The story begins as so many stories have begun since our ancestors first told them in the flickering firelight of caves: long before his quest unfolds, the young hero learns that he is the Chosen One.
When he was very young, Alexandre Trudeau recalls, his father left on a long voyage to a strange and perilous land on the edge of the world. “When he returned, he was changed. He looked and smelled slightly different. He had a beard and a tan and a strange energy about him. He radiated a kind of power, seemed more aggressive and alive than usual … this was a new father, not the patient and adoring father of before, but the free spirit who had wandered the world. The lone traveller. The observer of things. The holder of secret knowledge.”
Alexandre also learns that shortly before he was born, his mother had also journeyed to this mysterious land in the Orient. His destiny was clear. He, too, would travel to that enigmatic land, and unravel its strange secrets: “We’re filled with desires—needs even—to go somewhere because untravelled places are dark holes in the mind that draws us toward them. So China lay out there like a gateway. The shapes of my childhood awareness of it, of my father’s book, my womb-bound journey there left more mysteries than understanding.”
On the cover of Barbarian Lost: Travels in the New China we are promised “an insightful and witty account of the dynamic changes going on right now in China.” In the opening chapter, “China Calling,” Alexandre Trudeau promises more: after years of focusing on “war zones and uncharted hinterlands,” he tells us, he was finally ready for the quest: “China was still distant, wrapped in mystery and doubt, immense, troubled, stiff and austere. Still it called.”
In eager anticipation of hair-raising adventures coupled with enlightenment and revelations about “China right now,” I plunged into Barbarian Lost only to find that the bulk of the book—243 of 289 pages—is an extensive account of a rather dull and uneventful trip the author took for just one month in 2006—ten years ago.
The inclusion of a sidekick has been an ornament to much great literature. As a literary device it worked pretty well for Cervantes, Conan Doyle, Twain and Tolkien. In this case, it is excruciating.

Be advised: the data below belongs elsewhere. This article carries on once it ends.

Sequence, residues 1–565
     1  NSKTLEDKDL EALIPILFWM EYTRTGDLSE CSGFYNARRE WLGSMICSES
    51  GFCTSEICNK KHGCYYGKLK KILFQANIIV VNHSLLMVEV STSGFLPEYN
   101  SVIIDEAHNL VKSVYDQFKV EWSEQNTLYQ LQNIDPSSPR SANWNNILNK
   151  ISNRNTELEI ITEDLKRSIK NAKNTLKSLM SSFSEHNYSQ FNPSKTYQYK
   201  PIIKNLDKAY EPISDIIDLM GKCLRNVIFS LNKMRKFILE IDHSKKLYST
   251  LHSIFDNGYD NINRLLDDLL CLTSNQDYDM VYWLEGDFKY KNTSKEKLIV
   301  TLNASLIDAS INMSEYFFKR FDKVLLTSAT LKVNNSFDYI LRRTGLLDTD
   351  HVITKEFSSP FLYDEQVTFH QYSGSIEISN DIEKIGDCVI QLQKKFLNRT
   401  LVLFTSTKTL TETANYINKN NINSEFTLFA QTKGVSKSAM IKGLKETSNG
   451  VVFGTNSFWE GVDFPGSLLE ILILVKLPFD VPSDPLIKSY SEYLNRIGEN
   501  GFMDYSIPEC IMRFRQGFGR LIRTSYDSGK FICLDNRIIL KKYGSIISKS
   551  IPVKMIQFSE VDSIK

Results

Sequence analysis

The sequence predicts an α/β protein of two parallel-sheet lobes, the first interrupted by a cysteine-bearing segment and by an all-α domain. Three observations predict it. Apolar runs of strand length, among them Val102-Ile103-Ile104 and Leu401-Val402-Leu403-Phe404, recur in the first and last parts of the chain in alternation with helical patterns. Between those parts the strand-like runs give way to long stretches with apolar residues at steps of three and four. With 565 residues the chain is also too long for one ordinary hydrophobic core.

Despite what he describes as an early “resolve to devote myself to understanding China,” Trudeau’s long preparation for this “mission to track glimpses, chosen moments that might reveal the grand affairs that lie beneath” did not include learning Chinese. Unable to speak to anyone, take a taxi or order a meal without help, he engaged a young woman, Vivien, as an interpreter, fixer and guide.
It is not unusual for a journalist to work with an interpreter. As a rule, though, journalists do not publish books, or even articles, which depend so heavily on an epic string of interviews with an employee.
Cast in the role of the author’s sidekick on the road, Vivien is the book’s main character, aside from Trudeau himself. She is quoted directly, on innumerable subjects, on more than a hundred of the book’s pages, and mentioned by name on 50 more. A gifted writer with a true ear for dialogue can work the alchemy of transforming the words on the page into a voice in the reader’s head. But, as I plodded wearily through the pages of Barbarian Lost, Viv’s voice started to emerge and it sounded oddly familiar. It took a while for me to realize where I had heard it before: It was Siri, the digital assistant in my iPhone.
Viv has some interesting, if unexceptional ideas, but the dialogues quoted throughout the book have the ponderous didactic quality of a conversation with my digital companion, or the lines spoken by characters in films explaining things the script writer feels need exposition before the plot moves on.
Viv is clearly bright, articulate and resourceful, but the dialogues reported by Trudeau are peppered with clunky observations that simply do not ring true.